Playlist #74

Happy Tuesday, folks. Got sick over the weekend, and took yesterday off to recover. Still feeling under the weather, but good news! It’s not Covid this time.

  1. Kate Bush, “Running Up That Hill”: We finally got around to starting Stranger Things season 4 over the weekend, and it’s quite good. The use of the Kate Bush song is perfect. I’m not ashamed to say I haven’t listened to much Kate Bush over the years; her stuff always struck me as too weird for my tastes. But this song slaps and deserves the attention it’s getting.
  2. Glen Phillips, “Held Up”: Sorta went through a Glen Phillips thing over the weekend, and this song especially spoke to me. Sung to me. Whatever.
  3. Bear Cub, “Hey B”: My brother used to play with this guy way back in the day (back when both of us had full heads of hair). He and his current singer, Kelly, did a cover of it about eight years ago. It’s quite good.
  4. Michael Penn, “No Myth”: Man, does this guy know how to write a bad song? No, no he does not.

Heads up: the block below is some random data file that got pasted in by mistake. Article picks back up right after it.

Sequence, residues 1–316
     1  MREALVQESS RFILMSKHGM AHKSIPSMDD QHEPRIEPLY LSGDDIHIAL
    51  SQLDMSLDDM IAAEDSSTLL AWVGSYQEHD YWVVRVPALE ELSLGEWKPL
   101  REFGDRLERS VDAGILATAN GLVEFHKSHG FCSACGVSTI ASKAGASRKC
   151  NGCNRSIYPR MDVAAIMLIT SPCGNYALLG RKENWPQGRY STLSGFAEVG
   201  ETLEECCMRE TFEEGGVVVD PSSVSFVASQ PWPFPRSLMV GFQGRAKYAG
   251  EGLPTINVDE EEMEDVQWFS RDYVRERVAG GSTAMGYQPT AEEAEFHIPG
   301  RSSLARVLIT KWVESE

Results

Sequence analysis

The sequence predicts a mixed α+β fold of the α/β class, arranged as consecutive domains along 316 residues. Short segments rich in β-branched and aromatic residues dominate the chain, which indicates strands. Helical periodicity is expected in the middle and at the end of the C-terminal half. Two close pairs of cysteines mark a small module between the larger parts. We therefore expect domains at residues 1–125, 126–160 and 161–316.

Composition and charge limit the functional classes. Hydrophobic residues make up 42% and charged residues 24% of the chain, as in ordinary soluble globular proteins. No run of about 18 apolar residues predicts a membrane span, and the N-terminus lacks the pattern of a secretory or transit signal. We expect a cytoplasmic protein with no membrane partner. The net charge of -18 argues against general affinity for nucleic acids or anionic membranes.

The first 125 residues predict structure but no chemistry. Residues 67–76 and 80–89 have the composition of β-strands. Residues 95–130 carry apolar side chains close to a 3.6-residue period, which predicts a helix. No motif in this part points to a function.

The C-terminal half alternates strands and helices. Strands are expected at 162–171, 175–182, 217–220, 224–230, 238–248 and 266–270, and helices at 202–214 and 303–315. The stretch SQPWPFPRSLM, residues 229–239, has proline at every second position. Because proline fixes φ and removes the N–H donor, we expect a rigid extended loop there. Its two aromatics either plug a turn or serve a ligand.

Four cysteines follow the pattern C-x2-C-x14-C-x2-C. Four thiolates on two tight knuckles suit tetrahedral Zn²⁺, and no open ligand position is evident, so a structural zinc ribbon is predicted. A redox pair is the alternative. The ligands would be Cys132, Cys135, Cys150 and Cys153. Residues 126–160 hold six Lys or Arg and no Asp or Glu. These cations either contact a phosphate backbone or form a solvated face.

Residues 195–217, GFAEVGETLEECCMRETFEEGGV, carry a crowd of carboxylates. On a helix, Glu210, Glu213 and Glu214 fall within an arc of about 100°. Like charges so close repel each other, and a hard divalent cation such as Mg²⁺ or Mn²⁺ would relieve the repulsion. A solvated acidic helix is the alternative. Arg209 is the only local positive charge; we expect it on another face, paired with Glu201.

5. The Mountain Goats, “Wage Wars Get Rich Die Handsome”: Speaking of great songs, this one’s title tells you everything you need to know about it and then some.
  6. Paul McCartney, “Beautiful Night”: I rather liked McCartney’s Flaming Pie album, with its Beatles allusions and smooth early aughts production values and him obviously playing most every single instrument on the thing. Plus, it frequently featured Steve Miller (Mr. Space Cowboy himself), who is coincidentally still alive and still touring, God bless ‘im.
  7. Rhett Miller, “Terrible Vision”: I dig the Old 97s, and actually found them through the backdoor of lead singer Rhett Miller’s first solo album, The Instigator. This is the closer from that album, and it’s beautiful and flawed and wonderful.
  8. Jars of Clay, “Frail”: The re-recorded version of this song from the Furthermore collection. Their second album left me rather underwhelmed, compared with their debut and their third album, If I Left the Zoo.
  9. Jason Isbell & the 400 Unit, “Hope The High Road”: I don’t think anyone else out there writes songs like this right now, and that’s a shame. Isbell is great at the hopeful, rocking anthem, and we could use more of those in these dark days.
  10. Toad the Wet Sprocket, “Enough”: Sounds like a classic Toad song with modern production, which is exactly what new Toad the Wet Sprocket albums should sound like.